Want to understand UX design? Then go to the toilet. A place that provides insights into how to design goal-oriented, task-based, time-critical user interactions and interfaces.
Many public toilets are a catalogue of catastrophic design failings. No wonder the internet has usability issues when we still struggle to create elegant solutions for the everyday activities we have been doing for millennia. But we can learn from the good and bad of toilet design. Here’s some tips to take into your next digital project.
01. Don't create problems
Good design is meant to solve problems, yet sometimes the design inadvertently creates the problem. In the gents’ toilet at Brighton’s Dome Theatre a notice reads ‘This is a sink’. Unfortunately, in the hurry before a show you often see men mistaking the long, metal trough-shaped fitting for a urinal.
I’m sure when it was displayed in the designer’s studio it looked fantastic, but in situ, the height, colour, material, position and shape disguise its purpose. Avoid that sinking feeling. Always design for the people who will use your products and consider the context in which they will encounter them.
02. Put humans first
Mobile-first and content-first have their place, but I’d suggest the best designs are created human-first. Observing human behaviour helps you create surprising and innovative solutions.
An example of this is an experiment set up by the cleaning staff at Schiphol airport over 25 years ago. By simply adding an image of a fly into the porcelain to aim at, they managed overnight to reduce ‘spillage rates’ in the men’s toilets by 80 per cent, which translates into major savings in cleaning costs.
The experiment has been replicated across the world. It turns out men are rather predictable; make the task a competition and you’ll get their concentration.
03. Make simple interactions
Train toilets are a big source of design crime. In many cases, to simply lock the door requires you to read reams of instructions and select the correct combination of flashing buttons. I’ve been on trains where a sign is needed to point to the flush, as it becomes hidden when the seat is lifted up. This poor design is made worse when the only visible button is a non-labelled and easy to reach emergency stop.
Clues on how to use a product should be baked into the interface. The need for instructions is a strong indication your design is not instinctive to use.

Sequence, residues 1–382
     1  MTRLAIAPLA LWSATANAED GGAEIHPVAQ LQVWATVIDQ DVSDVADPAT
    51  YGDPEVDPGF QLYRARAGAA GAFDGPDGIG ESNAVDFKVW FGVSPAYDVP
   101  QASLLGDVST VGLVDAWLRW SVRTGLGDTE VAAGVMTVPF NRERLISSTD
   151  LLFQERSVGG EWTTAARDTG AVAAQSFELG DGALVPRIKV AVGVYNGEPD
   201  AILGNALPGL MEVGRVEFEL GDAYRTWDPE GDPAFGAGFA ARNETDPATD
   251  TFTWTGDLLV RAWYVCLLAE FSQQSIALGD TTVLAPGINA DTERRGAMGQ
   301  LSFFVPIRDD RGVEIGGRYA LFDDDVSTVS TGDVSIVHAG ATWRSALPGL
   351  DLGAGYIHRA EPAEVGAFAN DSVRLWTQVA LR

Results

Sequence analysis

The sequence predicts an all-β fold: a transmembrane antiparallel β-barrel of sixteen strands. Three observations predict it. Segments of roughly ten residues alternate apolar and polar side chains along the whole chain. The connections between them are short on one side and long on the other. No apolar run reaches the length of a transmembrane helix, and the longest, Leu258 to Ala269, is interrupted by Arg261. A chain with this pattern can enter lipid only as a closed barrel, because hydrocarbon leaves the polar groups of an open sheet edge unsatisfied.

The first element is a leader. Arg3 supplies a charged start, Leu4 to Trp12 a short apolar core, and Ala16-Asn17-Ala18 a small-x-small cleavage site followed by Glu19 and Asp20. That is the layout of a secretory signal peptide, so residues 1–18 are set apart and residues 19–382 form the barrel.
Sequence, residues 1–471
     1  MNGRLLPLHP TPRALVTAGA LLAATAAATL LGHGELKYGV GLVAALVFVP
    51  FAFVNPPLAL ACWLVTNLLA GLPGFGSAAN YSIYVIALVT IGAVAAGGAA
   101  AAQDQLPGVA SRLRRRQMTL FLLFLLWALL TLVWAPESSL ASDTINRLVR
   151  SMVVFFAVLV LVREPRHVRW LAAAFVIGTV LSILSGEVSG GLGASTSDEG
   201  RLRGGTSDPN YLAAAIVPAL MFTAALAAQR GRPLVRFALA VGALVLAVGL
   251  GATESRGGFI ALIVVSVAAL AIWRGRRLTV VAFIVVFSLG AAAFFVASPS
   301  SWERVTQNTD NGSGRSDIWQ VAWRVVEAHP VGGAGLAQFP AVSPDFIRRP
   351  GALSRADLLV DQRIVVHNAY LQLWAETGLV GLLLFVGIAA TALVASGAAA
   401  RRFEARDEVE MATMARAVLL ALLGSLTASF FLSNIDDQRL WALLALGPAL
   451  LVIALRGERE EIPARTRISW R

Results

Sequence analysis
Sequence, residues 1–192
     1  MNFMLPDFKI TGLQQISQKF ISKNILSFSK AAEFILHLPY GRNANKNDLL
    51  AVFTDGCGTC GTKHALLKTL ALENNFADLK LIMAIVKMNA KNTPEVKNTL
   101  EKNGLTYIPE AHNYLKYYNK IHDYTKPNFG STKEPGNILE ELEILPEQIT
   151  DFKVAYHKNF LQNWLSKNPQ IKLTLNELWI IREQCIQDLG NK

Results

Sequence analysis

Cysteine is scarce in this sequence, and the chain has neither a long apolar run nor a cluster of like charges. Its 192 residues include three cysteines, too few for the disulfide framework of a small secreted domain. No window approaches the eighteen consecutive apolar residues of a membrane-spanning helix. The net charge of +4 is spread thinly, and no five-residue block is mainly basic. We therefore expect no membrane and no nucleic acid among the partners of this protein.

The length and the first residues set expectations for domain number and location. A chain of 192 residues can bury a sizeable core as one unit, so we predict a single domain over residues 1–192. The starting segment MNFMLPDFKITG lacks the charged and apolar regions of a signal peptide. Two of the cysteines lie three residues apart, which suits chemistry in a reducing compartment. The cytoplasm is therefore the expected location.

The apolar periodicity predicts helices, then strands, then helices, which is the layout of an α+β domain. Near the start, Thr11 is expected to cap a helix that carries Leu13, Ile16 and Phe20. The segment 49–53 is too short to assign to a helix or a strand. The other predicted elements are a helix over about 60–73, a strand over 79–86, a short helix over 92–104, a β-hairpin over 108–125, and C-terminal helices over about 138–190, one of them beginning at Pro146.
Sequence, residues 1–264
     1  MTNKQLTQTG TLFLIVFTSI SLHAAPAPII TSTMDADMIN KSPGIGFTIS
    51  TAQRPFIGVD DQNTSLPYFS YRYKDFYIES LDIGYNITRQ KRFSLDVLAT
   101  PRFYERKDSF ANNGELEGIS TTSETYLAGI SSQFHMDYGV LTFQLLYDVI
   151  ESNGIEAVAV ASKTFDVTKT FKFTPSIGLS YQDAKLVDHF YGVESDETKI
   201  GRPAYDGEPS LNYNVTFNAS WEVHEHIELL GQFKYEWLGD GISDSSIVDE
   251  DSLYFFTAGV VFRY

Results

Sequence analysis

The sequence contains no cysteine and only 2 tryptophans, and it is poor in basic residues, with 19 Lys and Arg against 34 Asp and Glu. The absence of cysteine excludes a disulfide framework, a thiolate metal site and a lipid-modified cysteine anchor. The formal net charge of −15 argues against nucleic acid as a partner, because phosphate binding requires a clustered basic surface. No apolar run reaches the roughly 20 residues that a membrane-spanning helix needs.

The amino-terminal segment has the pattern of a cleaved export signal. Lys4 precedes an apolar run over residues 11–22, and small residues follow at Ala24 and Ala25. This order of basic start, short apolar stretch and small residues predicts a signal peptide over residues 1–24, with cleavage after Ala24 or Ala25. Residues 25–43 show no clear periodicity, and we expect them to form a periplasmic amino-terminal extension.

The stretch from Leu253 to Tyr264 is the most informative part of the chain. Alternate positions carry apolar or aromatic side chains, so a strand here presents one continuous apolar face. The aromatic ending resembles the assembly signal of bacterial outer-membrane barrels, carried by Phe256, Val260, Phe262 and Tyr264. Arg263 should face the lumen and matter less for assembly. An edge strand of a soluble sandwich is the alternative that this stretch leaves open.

04. Communicate, don't confuse
We’ve all been there: bursting for the loo (often after a few drinks) with rising anxiety as we try to decipher the sign on the door. Is it a merman or mermaid? Are berets gender-specific? Remind me, is the XY chromosome an indication of male or female sex-determination?
I don’t want to solve a puzzle, I just want to go through the correct door. What can seem like a playful extension of your brand personality can quickly end up in user frustration. However pretty your wayfinding symbols or icons are, if they don’t communicate what you intend at a glance, they are an example of bad design.
05. Tame the technology
Just because you can build it doesn’t mean you should. Japanese toilets provide a sanitary lesson in the perils of over-engineering and feature creep. On top-end toilets, flushing, raising and lowering the lid, and even keeping a personal ‘performance’ record is all done via a smartphone app. This means that at night, before you can go to the toilet, you need to find your phone (and hope the battery is charged).
Sometimes the minimum viable product should be the extent of the product. In design less is more; and even less is even more.
06. Find space to think
The toilet provides the perfect perch for contemplation and encouraging curiosity. So if you want to understand human behaviour, get inspiration for interaction patterns, or just need the room to think, you know where to go. Become a better designer today by going to the toilet.